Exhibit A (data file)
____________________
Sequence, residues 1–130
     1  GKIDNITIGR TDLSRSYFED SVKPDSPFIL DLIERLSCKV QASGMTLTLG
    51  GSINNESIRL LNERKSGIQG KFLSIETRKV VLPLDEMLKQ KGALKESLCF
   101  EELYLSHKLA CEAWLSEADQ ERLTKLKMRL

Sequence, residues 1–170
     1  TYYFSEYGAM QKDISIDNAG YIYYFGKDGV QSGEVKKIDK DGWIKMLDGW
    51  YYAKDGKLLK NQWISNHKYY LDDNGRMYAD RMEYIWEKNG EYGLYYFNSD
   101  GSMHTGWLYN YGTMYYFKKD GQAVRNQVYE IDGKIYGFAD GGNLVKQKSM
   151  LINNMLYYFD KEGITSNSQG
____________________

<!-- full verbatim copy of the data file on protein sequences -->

Sequence, residues 1–130
     1  GKIDNITIGR TDLSRSYFED SVKPDSPFIL DLIERLSCKV QASGMTLTLG
    51  GSINNESIRL LNERKSGIQG KFLSIETRKV VLPLDEMLKQ KGALKESLCF
   101  EELYLSHKLA CEAWLSEADQ ERLTKLKMRL

Sequence, residues 1–170
     1  TYYFSEYGAM QKDISIDNAG YIYYFGKDGV QSGEVKKIDK DGWIKMLDGW
    51  YYAKDGKLLK NQWISNHKYY LDDNGRMYAD RMEYIWEKNG EYGLYYFNSD
   101  GSMHTGWLYN YGTMYYFKKD GQAVRNQVYE IDGKIYGFAD GGNLVKQKSM
   151  LINNMLYYFD KEGITSNSQG